Several of the articles below are freely available in public domain, so we are able to attach the pdf files of them below for your convenience. For the others, go ahead and click on the links and browse the abstracts to see whether you may like to read them in their entirety on a pay-per-view basis.
Thank you for the email question!
Beeghly A, et al. Glutathione S-transferase polymorphisms and ovarian cancer treatment and survival. Gynecol Oncol. 2006;100:330-7.
Bol G, et al. Methylation profiles of hereditary and sporadic ovarian cancer. Histopathology. 2010;57:363-70.
Chang H, et al. Assessment of plasma DNA levels, allelic imbalance, and CA-125 as diagnostic tests for cancer. J Natl Cancer Inst. 2002;94:1697-703.
DeLort L, et al. Association between genetic polymorphisms and ovarian cancer risk. Anticanc Res 2008;28:3079-81.
Hefler L, et al. Polymorphisms of the interleukin-1 gene cluster and ovarian cancer. J Soc Gynecol Investig. 2002;9:386-90.
Howells R, et al. Association between glutathione-S-transferase GSTP1 genotypes, GSTP1 over-expression, and outcome in epithelial ovarian cancer. Int J Gynecol Cancer. 2004;14:242-50.
Husseinzadeh N. Status of tumor markers in ovarian cancer: Has there been any progress? Gynecol Oncol. 2011;120:152-7.
Isonishi S. Biomarker in gynecologic malignancies. Gan To Kagaku Ryoho. 2004;31:1003-7.
Khrunin A, et al. Genetic polymorphisms and the efficacy and toxicity of cisplatin-based chemotherapy in ovarian cancer patients. Pharmacogenomics J. 2010;10:54-61.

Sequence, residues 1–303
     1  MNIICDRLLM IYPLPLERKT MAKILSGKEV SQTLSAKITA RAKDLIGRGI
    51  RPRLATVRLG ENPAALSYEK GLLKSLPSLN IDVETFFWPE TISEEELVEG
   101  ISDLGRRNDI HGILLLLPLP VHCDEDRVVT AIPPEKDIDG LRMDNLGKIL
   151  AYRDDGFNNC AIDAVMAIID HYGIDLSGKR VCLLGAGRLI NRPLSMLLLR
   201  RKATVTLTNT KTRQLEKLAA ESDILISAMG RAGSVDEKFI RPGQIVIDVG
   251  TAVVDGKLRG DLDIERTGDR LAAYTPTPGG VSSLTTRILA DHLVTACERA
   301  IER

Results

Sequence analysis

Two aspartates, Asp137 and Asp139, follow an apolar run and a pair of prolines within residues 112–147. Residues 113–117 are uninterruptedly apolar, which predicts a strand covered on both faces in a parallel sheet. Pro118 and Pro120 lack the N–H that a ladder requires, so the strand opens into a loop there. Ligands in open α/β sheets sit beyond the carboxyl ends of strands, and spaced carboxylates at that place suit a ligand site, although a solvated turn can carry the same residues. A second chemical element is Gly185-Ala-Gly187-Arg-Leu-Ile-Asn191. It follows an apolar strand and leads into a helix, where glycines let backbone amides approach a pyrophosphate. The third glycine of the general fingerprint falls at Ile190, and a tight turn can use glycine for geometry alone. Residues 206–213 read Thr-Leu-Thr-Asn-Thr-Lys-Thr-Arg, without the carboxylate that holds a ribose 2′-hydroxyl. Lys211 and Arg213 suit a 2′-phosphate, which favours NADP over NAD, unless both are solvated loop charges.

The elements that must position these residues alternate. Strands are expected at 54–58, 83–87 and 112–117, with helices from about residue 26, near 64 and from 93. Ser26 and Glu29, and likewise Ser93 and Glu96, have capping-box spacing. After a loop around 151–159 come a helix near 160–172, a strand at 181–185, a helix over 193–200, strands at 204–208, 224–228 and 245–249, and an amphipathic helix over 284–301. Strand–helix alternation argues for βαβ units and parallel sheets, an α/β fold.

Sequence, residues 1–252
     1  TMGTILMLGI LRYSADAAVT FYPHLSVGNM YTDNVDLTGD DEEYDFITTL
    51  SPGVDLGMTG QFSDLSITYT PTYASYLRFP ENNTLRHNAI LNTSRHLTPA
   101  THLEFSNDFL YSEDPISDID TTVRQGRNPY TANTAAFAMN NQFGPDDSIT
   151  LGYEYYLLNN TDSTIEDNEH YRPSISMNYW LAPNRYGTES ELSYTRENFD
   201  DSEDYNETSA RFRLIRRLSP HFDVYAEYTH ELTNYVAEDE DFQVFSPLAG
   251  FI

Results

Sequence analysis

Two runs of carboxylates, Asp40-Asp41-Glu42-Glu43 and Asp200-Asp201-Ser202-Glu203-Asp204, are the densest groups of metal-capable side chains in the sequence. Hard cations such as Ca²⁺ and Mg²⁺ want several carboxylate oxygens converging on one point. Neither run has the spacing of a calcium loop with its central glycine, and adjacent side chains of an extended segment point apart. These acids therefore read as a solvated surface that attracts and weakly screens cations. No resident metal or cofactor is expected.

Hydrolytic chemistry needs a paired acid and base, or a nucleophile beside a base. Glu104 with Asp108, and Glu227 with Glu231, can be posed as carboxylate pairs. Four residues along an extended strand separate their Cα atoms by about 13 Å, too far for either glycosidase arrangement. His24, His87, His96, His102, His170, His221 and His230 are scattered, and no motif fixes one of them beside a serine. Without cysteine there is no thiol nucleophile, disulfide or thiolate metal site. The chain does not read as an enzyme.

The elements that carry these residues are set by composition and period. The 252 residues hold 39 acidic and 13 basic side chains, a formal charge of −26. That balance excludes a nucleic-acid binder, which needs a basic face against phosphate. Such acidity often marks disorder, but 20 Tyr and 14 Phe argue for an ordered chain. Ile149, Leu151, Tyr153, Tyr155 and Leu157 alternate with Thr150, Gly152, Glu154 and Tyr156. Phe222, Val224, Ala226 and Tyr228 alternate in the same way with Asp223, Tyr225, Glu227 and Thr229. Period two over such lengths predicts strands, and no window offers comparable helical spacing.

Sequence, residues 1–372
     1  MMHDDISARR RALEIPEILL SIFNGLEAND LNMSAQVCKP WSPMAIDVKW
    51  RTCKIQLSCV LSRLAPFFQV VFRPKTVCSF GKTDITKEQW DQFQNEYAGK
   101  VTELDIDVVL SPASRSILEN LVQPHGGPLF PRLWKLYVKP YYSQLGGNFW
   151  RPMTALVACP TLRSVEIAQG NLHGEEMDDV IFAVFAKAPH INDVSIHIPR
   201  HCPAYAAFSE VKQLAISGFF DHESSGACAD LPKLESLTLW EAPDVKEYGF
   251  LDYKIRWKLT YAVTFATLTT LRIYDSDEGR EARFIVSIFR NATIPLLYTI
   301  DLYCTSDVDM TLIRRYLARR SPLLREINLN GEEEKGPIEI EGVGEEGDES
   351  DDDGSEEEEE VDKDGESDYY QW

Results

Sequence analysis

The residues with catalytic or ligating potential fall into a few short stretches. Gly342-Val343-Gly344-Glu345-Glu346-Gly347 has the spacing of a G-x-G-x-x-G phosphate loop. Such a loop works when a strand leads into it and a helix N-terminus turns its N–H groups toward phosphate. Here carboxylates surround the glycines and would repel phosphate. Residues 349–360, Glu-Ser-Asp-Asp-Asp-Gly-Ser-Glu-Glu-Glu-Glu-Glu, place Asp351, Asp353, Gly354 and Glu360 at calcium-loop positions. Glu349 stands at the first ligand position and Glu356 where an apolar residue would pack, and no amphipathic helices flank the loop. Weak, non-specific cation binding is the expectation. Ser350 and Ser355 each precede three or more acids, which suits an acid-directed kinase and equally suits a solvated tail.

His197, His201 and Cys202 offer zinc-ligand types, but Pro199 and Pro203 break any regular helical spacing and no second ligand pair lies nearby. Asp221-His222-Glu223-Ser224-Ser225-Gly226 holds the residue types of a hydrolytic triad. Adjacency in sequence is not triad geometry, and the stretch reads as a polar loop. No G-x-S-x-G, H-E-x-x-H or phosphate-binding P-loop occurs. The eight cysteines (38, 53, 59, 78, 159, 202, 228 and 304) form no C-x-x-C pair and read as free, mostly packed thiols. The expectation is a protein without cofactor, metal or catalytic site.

Marsh S, et al. Pharmacogenetic assessment of toxicity and outcome after platinum plus taxane chemotherapy in ovarian cancer: the Scottish Randomised Trial in Ovarian Cancer. J Clin Oncol. 2007;25:4528-35.
Nagle C, et al. The role of glutathione-S-transferase polymorphisms in ovarian cancer survival. Eur J Canc 2007;43:283-90.
Quaye L, et al. Association between common germline genetic variation in 94 candidate genes or regions and risks of invasive epithelial ovarian cancer. PLoS One. 2009;4:e5983-9.
Saldivar J, et al. Moving toward individualized therapy based on NER polymorphisms that predict platinum sensitivity in ovarian cancer patients. Gynecol Oncol. 2007;107:S223-9.
Smith S, et al. ERCC1 genotype and phenotype in epithelial ovarian cancer identify patients likely to benefit from paclitaxel treatment in addition to platinum-based therapy. J Clin Oncol. 2007;25:5172-9.
Song H, et al. Common variants in RB1 gene and risk of invasive ovarian cancer. Cancer Res. 2006;66:10220-6.
Spurdle A, et al. Polymorphisms at the glutathione S-transferase GSTM1, GSTT1 and GSTP1 loci: risk of ovarian cancer by histological subtype. Carcinogenesis. 2001;22:67-72.
Steffensen K, et al. Prediction of response to chemotherapy by ERCC1 polymorphism in ovarian cancer. Int J Gynecol Cancer. 2008;18:702-10.
Zhang B, et al. Proteomics and biomarkers for ovarian cancer diagnosis. Ann Clin Lab Sci. 2010;40:218-25.
Ovarian cancer page at Women's Cancer Research Foundation
Ovarian cancer page at NCI
Ovarian cancer page at ACS
Ovarian cancer screening clinical trials at ClinicalTrials.gov
Ovarian cancer page at WebMD
Ovarian cancer page at Mayo Clinic
CA-125 page at Wikipedia